DOJ Sues CA Technologies, Alleges $100 Million In Overcharges - InformationWeek

InformationWeek is part of the Informa Tech Division of Informa PLC

This site is operated by a business or businesses owned by Informa PLC and all copyright resides with them.Informa PLC's registered office is 5 Howick Place, London SW1P 1WG. Registered in England and Wales. Number 8860726.

IoT
IoT
Government // Leadership

DOJ Sues CA Technologies, Alleges $100 Million In Overcharges

The Justice Dept. joins whistleblower lawsuit against CA, claiming company failed to provide government customers with discounts being given to commercial customers.

5 Online Tools Uncle Sam Wants You To Use
5 Online Tools Uncle Sam Wants You To Use
(Click image for larger view and slideshow.)

The Justice Department has joined in a whistleblower lawsuit against CA Technologies, formerly CA Inc., alleging that the contractor overcharged agencies by at least $100 million since 2006 by failing to offer discounts on software licenses and maintenance that were being given to commercial customers.

"CA commonly offered customers prices that were only a small fraction of CA's list prices, with discounts that frequently exceeded 90% off the list prices of both software licenses and maintenance," DOJ alleged in its complaint filed April 10 in US District Court for the District of Columbia. "Government customers generally received discounts for software licenses and maintenance that were less favorable than those offered to a wide variety of other commercial customers."

The suit originally was filed by a former CA employee Dani Shemesh on behalf of the government under the whistleblower provisions of the False Claims Act. The act allows individuals to sue on behalf of the government and share in any recovery. The government can join such suits and assume primary responsibility, as it has done in this case.

CA has denied the allegations in a statement: "We believe that the material aspects of the government's liability theories are unfounded and will vigorously contest them." The company said it hopes the matter can be settled outside of the courtroom. "We've had numerous discussions with the government and continue to believe that dialogue in good faith will lead to a satisfactory outcome for both parties. We look forward to working through this matter as quickly as possible."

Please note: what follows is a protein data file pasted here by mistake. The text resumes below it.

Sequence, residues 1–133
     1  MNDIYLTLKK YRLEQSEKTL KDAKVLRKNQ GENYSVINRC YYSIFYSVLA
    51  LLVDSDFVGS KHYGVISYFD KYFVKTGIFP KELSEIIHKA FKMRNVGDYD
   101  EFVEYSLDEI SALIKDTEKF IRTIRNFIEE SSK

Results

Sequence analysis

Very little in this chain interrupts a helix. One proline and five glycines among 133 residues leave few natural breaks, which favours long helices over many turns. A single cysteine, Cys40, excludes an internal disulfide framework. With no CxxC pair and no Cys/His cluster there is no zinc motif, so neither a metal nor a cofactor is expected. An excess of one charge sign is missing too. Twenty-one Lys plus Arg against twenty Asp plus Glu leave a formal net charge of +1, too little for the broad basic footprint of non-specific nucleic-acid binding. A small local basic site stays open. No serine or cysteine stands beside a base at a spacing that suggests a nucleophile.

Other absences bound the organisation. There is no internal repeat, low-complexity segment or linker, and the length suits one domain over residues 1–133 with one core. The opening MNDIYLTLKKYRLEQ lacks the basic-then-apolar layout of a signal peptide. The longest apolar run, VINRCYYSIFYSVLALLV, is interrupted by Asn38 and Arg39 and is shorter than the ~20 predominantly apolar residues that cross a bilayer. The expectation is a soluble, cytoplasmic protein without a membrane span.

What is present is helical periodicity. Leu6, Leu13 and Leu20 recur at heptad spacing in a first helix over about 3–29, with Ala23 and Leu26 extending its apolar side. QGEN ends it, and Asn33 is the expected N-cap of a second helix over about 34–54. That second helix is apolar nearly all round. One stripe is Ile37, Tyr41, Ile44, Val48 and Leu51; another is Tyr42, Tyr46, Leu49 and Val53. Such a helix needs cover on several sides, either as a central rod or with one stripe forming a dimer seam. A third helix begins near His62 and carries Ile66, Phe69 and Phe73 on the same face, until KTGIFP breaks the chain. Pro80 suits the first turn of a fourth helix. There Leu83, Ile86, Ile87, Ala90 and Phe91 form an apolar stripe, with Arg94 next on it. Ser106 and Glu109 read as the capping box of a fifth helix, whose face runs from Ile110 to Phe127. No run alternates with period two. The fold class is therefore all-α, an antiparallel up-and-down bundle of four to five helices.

The allegations stem from a 2002 Multiple Award Contract with the General Services Administration for software licensing and maintenance. Under the contract, the contractor is supposed to offer its best prices to the government, matching any discounts given to others. Discounts and pricing are to be disclosed so that GSA can negotiate the best prices for its customer agencies.

Shemesh, who was head of the sales division of CA Software Israel, a wholly owned subdivision of CA, alleged that commercial customers were being given discounts of 90% or more off of the company's list price. Although the government was also given discounts, they did not match those of other customers. Government purchasers received discounts ranging from 35% to 55% off CA's list prices for software licenses, and 10% to 15% off prices for maintenance.

"In CA's dealings with its non-Government commercial customers, however, there is little if any relationship between CA's so-called 'list prices' and the prices that CA actually charges for its products," the complaint said.

In one example cited in the complaint, a bank was given a 95% discount from the list price of $68,974, while the government was given a 50% discount, a difference of more than $31,000. The bank received a 97.5% discount on maintenance compared to a 13% discount for the government, a difference of $8,714.

The complaint seeks three times the amount of damages from CA, along with penalties of up to $11,000 for each violation.

NIST's cyber-security framework gives critical-infrastructure operators a new tool to assess readiness. But will operators put this voluntary framework to work? Read the Protecting Critical Infrastructure issue of InformationWeek Government today.

William Jackson is writer with the <a href="http://www.techwritersbureau.com" target="_blank">Tech Writers Bureau</A>, with more than 35 years' experience reporting for daily, business and technical publications, including two decades covering information ... View Full Bio

We welcome your comments on this topic on our social media channels, or [contact us directly] with questions about the site.
Comment  | 
Print  | 
More Insights
Commentary
Enterprise Guide to Digital Transformation
Cathleen Gagne, Managing Editor, InformationWeek,  8/13/2019
Slideshows
IT Careers: How to Get a Job as a Site Reliability Engineer
Cynthia Harvey, Freelance Journalist, InformationWeek,  7/31/2019
Commentary
AI Ethics Guidelines Every CIO Should Read
Guest Commentary, Guest Commentary,  8/7/2019
White Papers
Register for InformationWeek Newsletters
Video
Current Issue
Data Science and AI in the Fast Lane
This IT Trend Report will help you gain insight into how quickly and dramatically data science is influencing how enterprises are managed and where they will derive business success. Read the report today!
Slideshows
Flash Poll